Table tennis club: a hard serve?

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Photo Credit: Laura Yuan

Mr. Feldman uses his own paddle to demonstrate tossing, grips, and proper techniques in table tennis.

by Laura Yuan, Staff Writer

The 40mm ball flies across the table as the play begins, the spin almost imperceptible to the untrained eye.

“Very few people in the country have ever seen a good [table tennis] player play in person. The speed and rotation of the ball can’t be seen on TV,” said Mr. Feldman, the psychology teacher at Glen Rock High School.

He is planning to bring the table tennis club, which was disbanded three years ago, back to the school.

In the past, members of the table tennis club played with two tables set up in the All-Purpose Room after school. Many students and teachers of all different skill levels joined. Mr. Feldman taught the participants how to play and played with them himself.

The club members did not attend any tournaments, but instead played for fun. Three years after it was established, people seemingly lost interest and one of the tables broke. The club eventually stopped meeting, but Mr. Feldman is ready to start it up again.

Mr. Feldman has been teaching at Glen Rock High School since 2006. This is his ninth year teaching psychology. Before coming to teach here, he taught at Perth Amboy High School.

Ping pong is a much safer sport; it is fast paced, a lot of strategy, and is a very democratic sport for people of all ages.”

— Alan Feldman, teacher of Psychology

Table tennis is one of Mr. Feldman’s all-time favorite hobbies.

“I have played many of the top players in the United States and once played the eighteenth best player in the world,” he said.

Mr. Feldman has been playing since he was 10 years old. He was ranked fifth in New Jersey, and participated in more than 200 different tournaments. He also won two NJ Hard Rubber Men’s Singles titles.

Injuries that he sustained playing basketball are what got him started on table tennis. “Ping pong is a much safer sport; it is fast paced, a lot of strategy, and is a very democratic sport for people of all ages,” he said.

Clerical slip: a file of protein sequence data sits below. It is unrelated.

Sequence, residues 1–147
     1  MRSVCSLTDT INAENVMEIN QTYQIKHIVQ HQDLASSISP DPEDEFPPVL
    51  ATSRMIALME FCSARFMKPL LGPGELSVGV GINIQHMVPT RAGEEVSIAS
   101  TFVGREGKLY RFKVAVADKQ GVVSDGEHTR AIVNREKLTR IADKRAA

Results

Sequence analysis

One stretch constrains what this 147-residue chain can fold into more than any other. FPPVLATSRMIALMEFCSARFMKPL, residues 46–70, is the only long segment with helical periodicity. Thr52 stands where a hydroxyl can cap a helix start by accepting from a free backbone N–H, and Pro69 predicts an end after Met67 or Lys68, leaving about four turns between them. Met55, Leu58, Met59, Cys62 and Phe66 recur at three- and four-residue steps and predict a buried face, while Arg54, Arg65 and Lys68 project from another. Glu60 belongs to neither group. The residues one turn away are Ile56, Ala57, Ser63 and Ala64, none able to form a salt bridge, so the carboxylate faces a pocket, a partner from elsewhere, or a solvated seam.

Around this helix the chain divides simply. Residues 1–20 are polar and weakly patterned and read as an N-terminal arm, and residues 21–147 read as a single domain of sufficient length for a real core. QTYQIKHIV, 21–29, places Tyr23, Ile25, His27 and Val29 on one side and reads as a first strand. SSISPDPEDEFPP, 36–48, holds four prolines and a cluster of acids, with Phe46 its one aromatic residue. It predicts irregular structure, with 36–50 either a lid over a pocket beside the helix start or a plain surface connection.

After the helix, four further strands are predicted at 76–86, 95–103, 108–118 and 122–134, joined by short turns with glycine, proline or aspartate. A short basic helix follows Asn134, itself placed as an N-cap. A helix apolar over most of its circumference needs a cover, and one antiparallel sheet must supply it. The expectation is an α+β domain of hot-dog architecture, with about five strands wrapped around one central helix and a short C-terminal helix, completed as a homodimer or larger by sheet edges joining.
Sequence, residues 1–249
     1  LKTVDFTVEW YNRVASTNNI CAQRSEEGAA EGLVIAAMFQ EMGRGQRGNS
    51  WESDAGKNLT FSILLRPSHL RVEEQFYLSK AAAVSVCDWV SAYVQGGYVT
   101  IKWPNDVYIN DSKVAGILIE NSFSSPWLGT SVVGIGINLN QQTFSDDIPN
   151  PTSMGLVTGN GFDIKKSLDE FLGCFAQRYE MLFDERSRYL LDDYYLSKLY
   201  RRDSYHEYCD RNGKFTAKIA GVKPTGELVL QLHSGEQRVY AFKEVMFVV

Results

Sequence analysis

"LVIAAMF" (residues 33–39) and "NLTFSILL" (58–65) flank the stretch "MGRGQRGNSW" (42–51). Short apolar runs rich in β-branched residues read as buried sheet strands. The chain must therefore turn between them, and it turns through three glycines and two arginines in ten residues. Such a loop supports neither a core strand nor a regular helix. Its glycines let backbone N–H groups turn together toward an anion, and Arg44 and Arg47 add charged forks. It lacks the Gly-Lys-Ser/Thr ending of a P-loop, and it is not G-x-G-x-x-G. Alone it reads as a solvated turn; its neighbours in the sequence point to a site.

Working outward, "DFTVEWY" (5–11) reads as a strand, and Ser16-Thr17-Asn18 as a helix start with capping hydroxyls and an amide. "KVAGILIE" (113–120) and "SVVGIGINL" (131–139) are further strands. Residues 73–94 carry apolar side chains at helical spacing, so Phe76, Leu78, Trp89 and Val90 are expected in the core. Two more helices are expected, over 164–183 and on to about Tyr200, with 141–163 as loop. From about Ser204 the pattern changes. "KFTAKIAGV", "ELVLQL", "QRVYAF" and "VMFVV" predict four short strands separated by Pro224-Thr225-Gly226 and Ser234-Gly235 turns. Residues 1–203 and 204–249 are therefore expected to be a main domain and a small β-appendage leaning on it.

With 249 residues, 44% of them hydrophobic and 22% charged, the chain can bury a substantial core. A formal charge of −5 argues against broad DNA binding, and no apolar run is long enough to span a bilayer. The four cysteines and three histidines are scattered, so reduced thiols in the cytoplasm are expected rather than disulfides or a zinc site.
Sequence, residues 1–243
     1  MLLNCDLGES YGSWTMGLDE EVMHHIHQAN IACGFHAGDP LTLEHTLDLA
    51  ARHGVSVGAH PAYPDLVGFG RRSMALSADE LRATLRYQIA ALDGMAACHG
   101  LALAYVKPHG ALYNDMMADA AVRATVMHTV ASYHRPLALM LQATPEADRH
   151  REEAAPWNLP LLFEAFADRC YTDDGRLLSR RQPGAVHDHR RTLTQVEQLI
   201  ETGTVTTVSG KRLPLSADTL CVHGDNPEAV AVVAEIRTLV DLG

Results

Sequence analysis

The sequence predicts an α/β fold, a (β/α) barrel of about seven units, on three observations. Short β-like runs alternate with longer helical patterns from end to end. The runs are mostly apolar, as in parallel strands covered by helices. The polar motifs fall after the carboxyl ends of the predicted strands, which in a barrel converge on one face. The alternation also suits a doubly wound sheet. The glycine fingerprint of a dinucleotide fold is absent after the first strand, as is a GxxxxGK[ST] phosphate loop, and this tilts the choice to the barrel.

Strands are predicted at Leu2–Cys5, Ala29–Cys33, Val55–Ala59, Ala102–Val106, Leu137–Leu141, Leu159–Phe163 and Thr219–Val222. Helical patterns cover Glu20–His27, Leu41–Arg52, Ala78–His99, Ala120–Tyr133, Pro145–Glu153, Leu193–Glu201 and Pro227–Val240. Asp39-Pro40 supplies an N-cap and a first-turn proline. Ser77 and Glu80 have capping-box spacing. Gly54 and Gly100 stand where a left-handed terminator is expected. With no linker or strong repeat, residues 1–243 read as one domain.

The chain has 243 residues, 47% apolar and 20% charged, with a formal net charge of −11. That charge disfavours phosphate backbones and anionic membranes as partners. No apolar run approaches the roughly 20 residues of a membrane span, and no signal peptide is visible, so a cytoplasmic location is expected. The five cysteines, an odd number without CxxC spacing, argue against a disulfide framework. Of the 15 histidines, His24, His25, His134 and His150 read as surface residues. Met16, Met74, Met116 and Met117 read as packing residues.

Mr. Feldman continues to play at the Fairlawn Recreation Center and at other clubs.

In order to reestablish the table tennis club, Mr. Feldman says that he needs enough students who are interested to sign up. “I would be the adviser, and it would need to be approved by the Board of Education, and the HSA might buy the tables. It would probably take a month,” he said.

He hopes to get at least two tables for the club. The balls would be supplied, and the students could either bring or borrow a paddle to play. Having a good paddle is essential to the sport. On average, a good paddle can cost about $120.

Potential locations for the club include the gym, the all-purpose room, and the cafeteria. The most important consideration for the location is good lighting, which is needed to read the spin on the ball.

Yet storage of the tables is always one of the biggest obstacles, leading to one of the club’s major difficulties. The tables need to be stored somewhere safe so that they are not sat on or damaged. Since a top of the line table can cost about $1,500, space within the school would need to be allotted for their protection.

                                                                             Photo Credit: Laura Yuan  The ball drops quickly after being tossed into the air.

Nikita Eglis, a sophomore at Glen Rock High School has played table tennis in the past but said she would be unable join the table tennis club due to a conflict of schedule.

Similarly, freshman Anastasia Zenkevich said that she couldn’t join the table tennis club since it is “a leisure activity” and she has “a busy after-school schedule and cannot make time.” Though she added that she might come when she has time, “… but just for fun, to play a game and leave.”

Middle school students and teachers are also welcome to join if the club does see the green light. If you have an interest in joining the table tennis club, please see Mr. Feldman within the next few weeks to sign up.